Life in Santiago

Considered the powerhouse of the Chilean “economic miracle,” Santiago, located in a valley between the Andes Mountains and the Pacific Ocean, has become a fusion of colonial roots and modern development. Filled with parks, renovated neighborhoods, and cultural sites, Santiago is becoming a top destination among tourists in Latin America.

Santiago’s steady economic growth has transformed it into a city with an interesting theater and restaurant scene, extensive shopping centers, an increasingly rising skyline (the Gran Torre de Santiago is the tallest building in Latin America), and South America’s most extensive subway system, the Metro de Santiago.

During the latter third of the 20th century, Chile underwent political and economic tumult — including a coup d’etat in 1973 by military General Augusto Pinochet, an economic collapse in the early 1980’s, and massive civil resistance leading to human rights violations between 1973 and 1990. Even today, effects of those difficult years can be felt and are often reflected in art, music, and theater.

Some articles about tourism in Santiago can be found at:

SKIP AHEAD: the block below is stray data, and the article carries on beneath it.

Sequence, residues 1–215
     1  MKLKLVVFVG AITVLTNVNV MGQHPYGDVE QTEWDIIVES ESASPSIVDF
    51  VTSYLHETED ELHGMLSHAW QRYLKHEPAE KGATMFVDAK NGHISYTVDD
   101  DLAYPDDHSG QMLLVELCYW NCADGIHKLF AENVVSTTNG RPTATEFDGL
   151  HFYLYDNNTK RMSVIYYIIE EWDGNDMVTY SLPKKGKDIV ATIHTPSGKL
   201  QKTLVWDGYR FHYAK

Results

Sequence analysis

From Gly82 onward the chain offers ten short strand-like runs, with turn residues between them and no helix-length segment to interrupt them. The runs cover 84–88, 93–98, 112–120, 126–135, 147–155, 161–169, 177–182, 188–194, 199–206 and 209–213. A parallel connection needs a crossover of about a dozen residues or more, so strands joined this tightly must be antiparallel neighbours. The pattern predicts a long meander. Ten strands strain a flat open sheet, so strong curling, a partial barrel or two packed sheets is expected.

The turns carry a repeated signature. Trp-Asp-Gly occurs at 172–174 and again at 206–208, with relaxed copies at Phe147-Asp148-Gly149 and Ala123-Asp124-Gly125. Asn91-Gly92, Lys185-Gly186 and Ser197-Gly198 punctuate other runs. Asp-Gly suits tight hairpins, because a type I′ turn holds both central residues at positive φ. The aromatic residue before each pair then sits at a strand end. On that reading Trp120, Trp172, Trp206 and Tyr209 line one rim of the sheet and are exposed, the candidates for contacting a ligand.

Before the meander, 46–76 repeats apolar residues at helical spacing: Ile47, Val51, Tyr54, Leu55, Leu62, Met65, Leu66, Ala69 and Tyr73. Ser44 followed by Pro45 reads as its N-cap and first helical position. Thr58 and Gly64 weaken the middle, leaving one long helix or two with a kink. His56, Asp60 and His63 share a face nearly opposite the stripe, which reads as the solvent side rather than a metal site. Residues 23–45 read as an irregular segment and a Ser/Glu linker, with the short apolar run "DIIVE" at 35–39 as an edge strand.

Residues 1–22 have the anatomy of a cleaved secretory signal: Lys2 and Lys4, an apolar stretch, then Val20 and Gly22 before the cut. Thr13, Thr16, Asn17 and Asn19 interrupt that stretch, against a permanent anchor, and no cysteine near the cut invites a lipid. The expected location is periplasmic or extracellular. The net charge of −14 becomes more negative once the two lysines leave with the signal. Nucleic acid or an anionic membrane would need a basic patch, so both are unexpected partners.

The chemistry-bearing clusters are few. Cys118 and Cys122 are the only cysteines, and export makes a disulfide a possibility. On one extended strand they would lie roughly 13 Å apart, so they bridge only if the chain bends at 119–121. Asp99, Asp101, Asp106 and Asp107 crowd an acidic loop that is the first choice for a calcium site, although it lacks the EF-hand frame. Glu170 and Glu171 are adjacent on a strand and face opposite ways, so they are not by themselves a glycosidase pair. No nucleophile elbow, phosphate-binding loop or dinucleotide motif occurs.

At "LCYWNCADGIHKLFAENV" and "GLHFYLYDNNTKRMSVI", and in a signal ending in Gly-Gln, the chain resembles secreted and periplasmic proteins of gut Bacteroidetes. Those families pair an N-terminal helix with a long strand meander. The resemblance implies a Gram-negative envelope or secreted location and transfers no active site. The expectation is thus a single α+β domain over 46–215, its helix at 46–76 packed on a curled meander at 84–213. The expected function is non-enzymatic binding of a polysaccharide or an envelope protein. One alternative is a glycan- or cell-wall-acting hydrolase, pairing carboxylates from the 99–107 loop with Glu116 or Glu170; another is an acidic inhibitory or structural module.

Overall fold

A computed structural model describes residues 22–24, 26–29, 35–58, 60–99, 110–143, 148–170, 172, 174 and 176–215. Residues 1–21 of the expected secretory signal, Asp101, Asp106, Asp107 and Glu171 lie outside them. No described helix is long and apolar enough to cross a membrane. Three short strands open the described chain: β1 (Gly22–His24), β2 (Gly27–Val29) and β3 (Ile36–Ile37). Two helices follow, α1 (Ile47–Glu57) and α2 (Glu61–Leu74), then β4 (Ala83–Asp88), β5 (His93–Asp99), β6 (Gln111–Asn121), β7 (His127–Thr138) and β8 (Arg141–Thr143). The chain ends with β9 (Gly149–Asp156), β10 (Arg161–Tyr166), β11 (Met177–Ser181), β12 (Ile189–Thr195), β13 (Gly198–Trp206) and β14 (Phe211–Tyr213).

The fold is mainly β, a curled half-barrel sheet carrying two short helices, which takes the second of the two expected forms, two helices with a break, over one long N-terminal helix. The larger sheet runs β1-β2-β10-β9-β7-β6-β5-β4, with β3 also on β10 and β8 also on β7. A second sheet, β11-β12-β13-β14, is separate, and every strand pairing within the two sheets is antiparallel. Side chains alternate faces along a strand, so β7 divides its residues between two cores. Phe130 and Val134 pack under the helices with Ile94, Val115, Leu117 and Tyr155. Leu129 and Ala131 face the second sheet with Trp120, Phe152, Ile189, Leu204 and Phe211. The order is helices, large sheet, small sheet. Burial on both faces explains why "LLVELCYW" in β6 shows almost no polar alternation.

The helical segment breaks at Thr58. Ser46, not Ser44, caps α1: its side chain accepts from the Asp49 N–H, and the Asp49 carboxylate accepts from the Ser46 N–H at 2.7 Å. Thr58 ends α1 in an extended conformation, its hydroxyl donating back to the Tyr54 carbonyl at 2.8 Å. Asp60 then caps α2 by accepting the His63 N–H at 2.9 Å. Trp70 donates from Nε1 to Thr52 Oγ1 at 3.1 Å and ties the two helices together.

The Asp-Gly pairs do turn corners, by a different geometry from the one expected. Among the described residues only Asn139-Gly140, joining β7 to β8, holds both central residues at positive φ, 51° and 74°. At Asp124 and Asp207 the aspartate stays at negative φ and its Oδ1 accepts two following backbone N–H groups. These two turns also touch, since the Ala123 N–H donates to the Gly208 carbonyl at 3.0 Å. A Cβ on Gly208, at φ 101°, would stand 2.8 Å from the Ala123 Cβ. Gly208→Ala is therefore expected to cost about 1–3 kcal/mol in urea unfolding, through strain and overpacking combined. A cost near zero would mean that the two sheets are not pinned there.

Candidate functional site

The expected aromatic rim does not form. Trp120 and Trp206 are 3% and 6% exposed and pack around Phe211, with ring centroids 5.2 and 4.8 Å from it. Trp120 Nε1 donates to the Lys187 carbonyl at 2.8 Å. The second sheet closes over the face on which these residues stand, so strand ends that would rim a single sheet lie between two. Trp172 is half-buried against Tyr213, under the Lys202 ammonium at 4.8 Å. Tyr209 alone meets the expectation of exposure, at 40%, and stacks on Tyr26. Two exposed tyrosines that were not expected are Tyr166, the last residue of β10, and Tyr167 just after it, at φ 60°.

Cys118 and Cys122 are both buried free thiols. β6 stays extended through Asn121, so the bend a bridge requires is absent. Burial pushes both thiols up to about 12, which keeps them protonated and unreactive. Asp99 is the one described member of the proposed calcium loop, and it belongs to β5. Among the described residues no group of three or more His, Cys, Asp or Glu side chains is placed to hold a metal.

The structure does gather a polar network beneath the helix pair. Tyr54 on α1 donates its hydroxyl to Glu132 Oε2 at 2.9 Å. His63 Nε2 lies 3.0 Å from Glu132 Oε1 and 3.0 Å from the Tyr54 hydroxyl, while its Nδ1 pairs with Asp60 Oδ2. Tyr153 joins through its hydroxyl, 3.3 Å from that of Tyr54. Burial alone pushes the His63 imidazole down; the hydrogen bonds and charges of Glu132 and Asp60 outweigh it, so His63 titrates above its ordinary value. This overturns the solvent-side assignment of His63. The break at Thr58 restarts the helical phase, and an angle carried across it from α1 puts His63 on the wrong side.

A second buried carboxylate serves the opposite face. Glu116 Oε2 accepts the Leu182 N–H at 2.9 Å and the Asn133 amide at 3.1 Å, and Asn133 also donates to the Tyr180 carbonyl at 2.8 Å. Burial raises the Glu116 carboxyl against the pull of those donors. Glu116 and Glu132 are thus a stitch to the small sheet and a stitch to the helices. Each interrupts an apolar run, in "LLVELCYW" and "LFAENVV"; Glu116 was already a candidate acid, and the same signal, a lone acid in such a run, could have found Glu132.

New York Times

Wall Street Journal

Transportation

Santiago has an extensive and reliable public transit system, which consists of the largest metro in Latin America and various “micro” (bus) routes. Students can also use RadioTaxi services and Uber to get around the city.

Buses between Santiago and nearby cities like Valparaíso and Viña de Mar depart daily, and overnight buses are also available to many other cities farther to the north and south.

Comodoro Arturo Merino Benítez International Airport is Santiago’s airport, located about 20 minutes by taxi from the city’s center. It offers both domestic flights to points in the far north and south, as well as international flights throughout South America and to the United States.

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